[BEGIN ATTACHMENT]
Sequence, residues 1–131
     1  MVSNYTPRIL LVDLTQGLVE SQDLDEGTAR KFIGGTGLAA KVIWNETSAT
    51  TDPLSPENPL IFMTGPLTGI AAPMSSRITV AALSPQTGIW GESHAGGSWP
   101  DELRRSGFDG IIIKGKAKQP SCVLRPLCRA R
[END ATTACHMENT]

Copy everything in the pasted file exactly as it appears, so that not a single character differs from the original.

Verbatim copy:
Sequence, residues 1–131
     1  MVSNYTPRIL LVDLTQGLVE SQDLDEGTAR KFIGGTGLAA KVIWNETSAT
    51  TDPLSPENPL IFMTGPLTGI AAPMSSRITV AALSPQTGIW GESHAGGSWP
   101  DELRRSGFDG IIIKGKAKQP SCVLRPLCRA R